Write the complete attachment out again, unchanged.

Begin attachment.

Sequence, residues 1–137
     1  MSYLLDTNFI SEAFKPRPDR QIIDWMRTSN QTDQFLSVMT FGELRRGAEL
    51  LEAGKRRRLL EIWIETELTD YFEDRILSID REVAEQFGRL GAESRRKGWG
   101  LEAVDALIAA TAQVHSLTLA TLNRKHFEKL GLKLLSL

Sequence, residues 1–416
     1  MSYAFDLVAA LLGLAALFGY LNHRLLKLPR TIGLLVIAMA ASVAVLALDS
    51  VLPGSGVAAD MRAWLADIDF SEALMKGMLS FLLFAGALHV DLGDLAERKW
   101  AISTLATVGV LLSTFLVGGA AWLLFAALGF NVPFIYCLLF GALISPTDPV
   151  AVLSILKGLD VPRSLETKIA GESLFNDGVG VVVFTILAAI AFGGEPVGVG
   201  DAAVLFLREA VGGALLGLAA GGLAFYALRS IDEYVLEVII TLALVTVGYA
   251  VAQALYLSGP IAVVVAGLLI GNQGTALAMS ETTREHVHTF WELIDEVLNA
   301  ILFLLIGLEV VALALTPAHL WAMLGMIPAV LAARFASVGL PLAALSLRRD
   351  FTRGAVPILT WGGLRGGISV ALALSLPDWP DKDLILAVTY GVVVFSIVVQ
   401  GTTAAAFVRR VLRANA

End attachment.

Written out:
Sequence, residues 1–137
     1  MSYLLDTNFI SEAFKPRPDR QIIDWMRTSN QTDQFLSVMT FGELRRGAEL
    51  LEAGKRRRLL EIWIETELTD YFEDRILSID REVAEQFGRL GAESRRKGWG
   101  LEAVDALIAA TAQVHSLTLA TLNRKHFEKL GLKLLSL

Sequence, residues 1–416
     1  MSYAFDLVAA LLGLAALFGY LNHRLLKLPR TIGLLVIAMA ASVAVLALDS
    51  VLPGSGVAAD MRAWLADIDF SEALMKGMLS FLLFAGALHV DLGDLAERKW
   101  AISTLATVGV LLSTFLVGGA AWLLFAALGF NVPFIYCLLF GALISPTDPV
   151  AVLSILKGLD VPRSLETKIA GESLFNDGVG VVVFTILAAI AFGGEPVGVG
   201  DAAVLFLREA VGGALLGLAA GGLAFYALRS IDEYVLEVII TLALVTVGYA
   251  VAQALYLSGP IAVVVAGLLI GNQGTALAMS ETTREHVHTF WELIDEVLNA
   301  ILFLLIGLEV VALALTPAHL WAMLGMIPAV LAARFASVGL PLAALSLRRD
   351  FTRGAVPILT WGGLRGGISV ALALSLPDWP DKDLILAVTY GVVVFSIVVQ
   401  GTTAAAFVRR VLRANA